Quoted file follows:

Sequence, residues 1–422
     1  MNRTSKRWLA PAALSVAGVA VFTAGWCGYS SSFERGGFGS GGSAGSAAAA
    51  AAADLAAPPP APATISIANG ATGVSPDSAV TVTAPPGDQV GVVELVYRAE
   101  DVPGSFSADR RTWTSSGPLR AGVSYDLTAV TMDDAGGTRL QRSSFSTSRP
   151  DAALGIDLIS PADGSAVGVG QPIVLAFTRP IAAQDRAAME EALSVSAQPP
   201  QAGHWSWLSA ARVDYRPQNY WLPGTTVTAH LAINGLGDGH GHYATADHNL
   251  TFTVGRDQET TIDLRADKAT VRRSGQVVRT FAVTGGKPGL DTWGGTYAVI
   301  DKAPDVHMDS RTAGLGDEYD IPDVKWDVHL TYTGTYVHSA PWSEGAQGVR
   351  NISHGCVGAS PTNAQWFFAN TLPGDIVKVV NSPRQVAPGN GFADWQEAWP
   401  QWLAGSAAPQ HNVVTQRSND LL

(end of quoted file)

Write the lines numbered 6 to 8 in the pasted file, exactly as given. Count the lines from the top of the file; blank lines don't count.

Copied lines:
   201  QAGHWSWLSA ARVDYRPQNY WLPGTTVTAH LAINGLGDGH GHYATADHNL
   251  TFTVGRDQET TIDLRADKAT VRRSGQVVRT FAVTGGKPGL DTWGGTYAVI
   301  DKAPDVHMDS RTAGLGDEYD IPDVKWDVHL TYTGTYVHSA PWSEGAQGVR